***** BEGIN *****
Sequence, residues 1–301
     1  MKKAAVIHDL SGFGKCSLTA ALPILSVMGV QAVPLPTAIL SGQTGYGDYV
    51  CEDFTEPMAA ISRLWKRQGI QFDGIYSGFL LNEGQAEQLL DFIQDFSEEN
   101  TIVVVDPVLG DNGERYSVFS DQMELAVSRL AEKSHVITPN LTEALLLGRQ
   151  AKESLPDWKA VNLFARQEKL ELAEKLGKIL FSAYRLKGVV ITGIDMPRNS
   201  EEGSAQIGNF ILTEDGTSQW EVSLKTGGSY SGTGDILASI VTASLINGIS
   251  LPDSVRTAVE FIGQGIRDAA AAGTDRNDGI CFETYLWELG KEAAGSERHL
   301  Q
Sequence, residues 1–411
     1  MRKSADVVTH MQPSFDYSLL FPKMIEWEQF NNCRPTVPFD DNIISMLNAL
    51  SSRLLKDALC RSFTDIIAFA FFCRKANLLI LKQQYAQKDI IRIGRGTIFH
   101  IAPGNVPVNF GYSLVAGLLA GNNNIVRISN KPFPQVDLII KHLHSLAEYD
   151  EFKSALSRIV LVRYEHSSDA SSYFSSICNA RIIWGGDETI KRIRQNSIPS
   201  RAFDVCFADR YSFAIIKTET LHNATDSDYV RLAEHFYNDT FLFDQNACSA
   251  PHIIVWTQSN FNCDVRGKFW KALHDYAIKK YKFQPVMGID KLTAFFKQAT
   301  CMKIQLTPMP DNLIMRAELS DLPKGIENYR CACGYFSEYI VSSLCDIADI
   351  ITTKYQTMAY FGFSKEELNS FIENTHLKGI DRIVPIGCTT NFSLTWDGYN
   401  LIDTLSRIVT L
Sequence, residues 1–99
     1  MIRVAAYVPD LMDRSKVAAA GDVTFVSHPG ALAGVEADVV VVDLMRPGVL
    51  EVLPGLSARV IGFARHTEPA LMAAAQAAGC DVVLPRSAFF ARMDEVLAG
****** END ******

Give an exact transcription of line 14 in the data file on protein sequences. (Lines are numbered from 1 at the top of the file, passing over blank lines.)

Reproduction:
   201  RAFDVCFADR YSFAIIKTET LHNATDSDYV RLAEHFYNDT FLFDQNACSA